"We have never stopped sin by passing laws; and in the same way, we are not going to take a great moral ideal and achieve it merely by law." ~ Dwight D. Eisenhower
Column by Paul Hein.
Exclusive to STR
It takes two to tango. Who could deny it? Have you ever seen anyone dancing the tango, or the fox trot, or the waltz, by himself?
Would you buy a ticket to a fight if the fighter entered the ring and boxed or wrestled with himself?
And yet there are instances of fights against nobody: the War on Poverty is an excellent example. Poverty seems to be winning, but perhaps that is only because we don’t really know who is “fighting” whom. Or similar wars on hunger, on ignorance, on discrimination, etc. Lawyers may fight against injustice, perhaps, but in that case, the “fight” is not symbolic or metaphorical, but real. The result can be fatal. And yet, the opponent, in many cases, simply does not exist.
For example: Perhaps you saw the televised trial on a Florida woman accused of murdering her child. Who was her opponent? Against whom was she fighting? The State of Florida! The plaintiff was a geographic area!
To a non-lawyer, such as myself, this is bizarre. Yet it is never questioned, perhaps because lawyers owe their license, and thus their living, to the permission of the state. I suppose an intrepid pro se litigant, accused of a crime by the state, might initiate the following colloquy.
Defendant: Your honor, I am not a lawyer, and would appreciate some advice before we get started here. Can you help me?
Judge: What do you need to know?
D: Just exactly who is my opponent in this case?
J: The state of Missouri (for example).
D: Do I get a chance to cross-examine my accuser?
J: Of course.
D: Well, judge, how do I cross-examine Missouri?
J: (smiling) Missouri is represented by Mr. Sly, the prosecutor, seated over there.
D: So Mr. Sly is representing a place on a map?
J: No, no. I’m sure you know better than that, sir. Mr. Sly represents the PEOPLE of Missouri!!
D: Which ones?
D: I said, “Which ones?”
J: All of them. The people of this state elected Mr. Sly to represent them in cases such as this.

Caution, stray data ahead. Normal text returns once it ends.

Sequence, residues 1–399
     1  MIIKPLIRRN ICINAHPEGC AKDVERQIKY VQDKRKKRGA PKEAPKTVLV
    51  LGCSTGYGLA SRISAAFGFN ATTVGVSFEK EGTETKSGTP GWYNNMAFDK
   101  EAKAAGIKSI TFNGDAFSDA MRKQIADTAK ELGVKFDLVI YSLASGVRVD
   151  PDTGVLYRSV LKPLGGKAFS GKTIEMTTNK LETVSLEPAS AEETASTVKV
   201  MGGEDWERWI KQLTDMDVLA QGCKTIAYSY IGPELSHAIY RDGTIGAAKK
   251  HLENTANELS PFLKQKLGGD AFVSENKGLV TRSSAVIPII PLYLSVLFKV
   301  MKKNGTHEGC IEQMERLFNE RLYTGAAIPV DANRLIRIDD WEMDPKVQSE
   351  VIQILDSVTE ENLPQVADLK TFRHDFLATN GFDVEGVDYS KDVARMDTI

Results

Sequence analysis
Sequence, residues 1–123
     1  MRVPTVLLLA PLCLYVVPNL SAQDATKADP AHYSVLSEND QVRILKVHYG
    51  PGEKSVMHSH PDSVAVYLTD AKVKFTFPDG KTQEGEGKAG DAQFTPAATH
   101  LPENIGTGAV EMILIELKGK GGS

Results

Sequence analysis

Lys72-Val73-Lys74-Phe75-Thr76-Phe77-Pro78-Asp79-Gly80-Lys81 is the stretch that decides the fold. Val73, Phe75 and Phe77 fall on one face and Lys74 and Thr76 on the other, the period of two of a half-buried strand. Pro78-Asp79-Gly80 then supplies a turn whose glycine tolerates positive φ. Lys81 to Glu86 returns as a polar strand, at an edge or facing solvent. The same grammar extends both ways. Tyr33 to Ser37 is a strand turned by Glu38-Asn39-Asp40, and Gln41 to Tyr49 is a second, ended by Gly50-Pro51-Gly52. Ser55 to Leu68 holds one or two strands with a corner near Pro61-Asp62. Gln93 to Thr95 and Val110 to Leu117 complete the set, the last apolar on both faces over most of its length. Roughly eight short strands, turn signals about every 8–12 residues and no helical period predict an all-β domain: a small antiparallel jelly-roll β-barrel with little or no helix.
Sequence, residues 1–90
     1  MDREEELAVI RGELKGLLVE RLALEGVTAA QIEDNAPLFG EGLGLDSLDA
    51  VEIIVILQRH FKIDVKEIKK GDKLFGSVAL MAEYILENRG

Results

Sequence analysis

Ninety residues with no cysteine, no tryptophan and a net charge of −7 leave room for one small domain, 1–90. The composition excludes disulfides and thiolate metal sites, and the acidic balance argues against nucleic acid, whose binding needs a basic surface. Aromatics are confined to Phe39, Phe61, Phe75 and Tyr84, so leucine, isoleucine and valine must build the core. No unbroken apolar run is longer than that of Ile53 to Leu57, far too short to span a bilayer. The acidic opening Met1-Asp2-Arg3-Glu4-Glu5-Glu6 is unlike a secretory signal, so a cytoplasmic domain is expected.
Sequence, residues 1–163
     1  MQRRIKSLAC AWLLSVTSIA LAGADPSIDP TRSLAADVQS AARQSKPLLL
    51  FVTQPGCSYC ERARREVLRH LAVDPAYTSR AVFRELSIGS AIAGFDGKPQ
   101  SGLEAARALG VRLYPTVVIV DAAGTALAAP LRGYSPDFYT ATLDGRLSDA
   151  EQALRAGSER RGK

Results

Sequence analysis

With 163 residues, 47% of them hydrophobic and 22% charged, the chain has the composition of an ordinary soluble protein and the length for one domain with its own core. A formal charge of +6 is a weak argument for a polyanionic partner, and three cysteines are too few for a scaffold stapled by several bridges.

D: Then is Mr. Sly the plaintiff? Can I cross-examine him?
J: No, of course not. Mr. Sly is the lawyer for the plaintiff.
D: Well then, sir, I’m more confused than before. How can I cross-examine my accuser if my accuser is all of the people of Missouri?
J: Mr. Sly will introduce witnesses, whom you may cross-examine.
D: So the witnesses are my accusers?
J: Well, no, they’re not. The people of Missouri, through Mr. Sly, have accused you.
D: Well, judge, with all due respect, I think it safe to say that, until this case became broadcast on TV, 99% of the people of Missouri never heard of me, and probably almost as many never heard of Mr. Sly. Are these people who accused me here in the courtroom for me to cross-examine?
J: You don’t seem to understand. I’ll explain it once again: The people of this state, through their elected attorney, have accused you of this crime. Mr. Sly will be their lawyer in this trial. It’s as simple as that.
D: Well, I’m not sure it’s simple, sir. In the first place, the people of this state, at least the majority of them, did not vote for Mr. Sly. I don’t know the election results, but I’d bet a year’s salary that a majority of Missourians did NOT vote for Mr. Sly. Therefore, he does NOT represent the people of this state, but only some of them, and a minority to boot. And, as I’ve mentioned, before this case went national, no one knew of me or this case. I’ll agree that I am not being sued by a geographical area, but if my accusers are flesh and blood human beings, I would like to know who they are.